I also struggle with pretty severe nausea from the naloxone that’s coupled with buprenorphine. My nausea is so severe that if I do not take a nausea pill right when I wake up every single day, then I will regurgitate my breakfast or dry heave if I don’t eat. I’m having to take other drugs just to combat the side effects of Suboxone.
I also struggle with feeling like everything just has a subtle dullness about it. I am an artist, and I can tell that it is much harder to tap into my inner creativity than it would be if I wasn’t on Suboxone at all. This is something else that makes me feel extremely insecure.
Lastly, I think one of the most severe side effects of Suboxone that I’ve run into is this feeling of being numb, which is exactly the opposite of what I would want when seeking recovery. Not feeling numb anymore was one of the biggest reasons I decided to get sober in the first place!
Are the Side Effects of Suboxone Worth It?
Whether or not you should take Suboxone is something that you honestly should think and pray long and hard about. Like I said, if I could go back in time and make a different choice, then there would be no way in hell that I would ever take it.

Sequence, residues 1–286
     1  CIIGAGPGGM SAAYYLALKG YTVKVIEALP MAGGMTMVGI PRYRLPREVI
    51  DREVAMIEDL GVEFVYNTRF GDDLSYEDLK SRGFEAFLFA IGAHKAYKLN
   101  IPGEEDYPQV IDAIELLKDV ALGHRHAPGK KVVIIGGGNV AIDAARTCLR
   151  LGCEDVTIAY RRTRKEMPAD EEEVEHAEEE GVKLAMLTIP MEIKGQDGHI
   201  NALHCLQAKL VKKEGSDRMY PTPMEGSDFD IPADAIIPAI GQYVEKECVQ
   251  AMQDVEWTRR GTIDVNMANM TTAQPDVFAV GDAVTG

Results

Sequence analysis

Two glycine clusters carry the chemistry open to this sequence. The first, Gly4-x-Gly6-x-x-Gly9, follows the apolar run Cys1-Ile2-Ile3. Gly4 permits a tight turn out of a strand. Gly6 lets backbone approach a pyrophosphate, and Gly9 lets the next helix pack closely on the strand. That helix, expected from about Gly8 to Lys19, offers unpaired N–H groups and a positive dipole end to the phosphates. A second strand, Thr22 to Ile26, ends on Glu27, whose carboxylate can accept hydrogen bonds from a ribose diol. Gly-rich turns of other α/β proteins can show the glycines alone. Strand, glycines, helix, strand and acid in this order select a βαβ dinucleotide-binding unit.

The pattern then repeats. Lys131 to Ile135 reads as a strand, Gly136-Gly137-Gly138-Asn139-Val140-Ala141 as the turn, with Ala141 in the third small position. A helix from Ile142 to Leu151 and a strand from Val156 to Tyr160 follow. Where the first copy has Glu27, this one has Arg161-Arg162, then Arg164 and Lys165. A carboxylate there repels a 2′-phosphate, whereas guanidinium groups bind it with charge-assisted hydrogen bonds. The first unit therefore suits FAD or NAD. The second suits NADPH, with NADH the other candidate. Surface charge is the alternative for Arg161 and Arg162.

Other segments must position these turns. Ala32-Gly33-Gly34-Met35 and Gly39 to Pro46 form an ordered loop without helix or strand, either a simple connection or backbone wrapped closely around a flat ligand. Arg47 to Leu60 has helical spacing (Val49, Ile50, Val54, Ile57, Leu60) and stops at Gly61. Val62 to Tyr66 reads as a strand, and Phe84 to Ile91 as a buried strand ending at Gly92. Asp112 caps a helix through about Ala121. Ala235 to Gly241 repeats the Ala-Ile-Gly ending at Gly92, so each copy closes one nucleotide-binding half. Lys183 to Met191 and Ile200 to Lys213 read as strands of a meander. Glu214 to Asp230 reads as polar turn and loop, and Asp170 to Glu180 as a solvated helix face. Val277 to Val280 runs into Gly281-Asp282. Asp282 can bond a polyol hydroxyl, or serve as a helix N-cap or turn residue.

If you are addicted to opiates and are thinking about seeking treatment to get clean, I would not let the doctor at the rehab try to talk you into being on it long-term.
Obviously, I am no doctor, but please just take it from my personal experience. I can tell you that there are hundreds of thousands, if not millions, of people in recovery who accidentally made the same mistake I did, letting someone talk them into thinking that they are basically doomed as an opiate addict unless they take Suboxone for the rest of their life.
I can speak for men as far as some of these go, but I’ve heard that women can experience some of the same types of sexual consequences.
Final Thoughts About Suboxone
Regardless of everything I have mentioned, at the end of the day, it is super important for me to not beat myself up. I don’t abuse it nor do I keep any secrets from my sponsor. I have been able to have a functional life regardless of some of these symptoms I have mentioned, and that in itself is a blessing and miracle!
I am truly doing the best I can and just have to keep going one day at a time. I am currently working on a long taper to get off of Suboxone permanently, and all I can do is hope that maybe this short post saves someone from making the same mistake that I did when choosing to be on Suboxone long term.
That’s just what I’ve experienced when it comes to the side effects of Suboxone. What are your experiences? Let me know in the comments.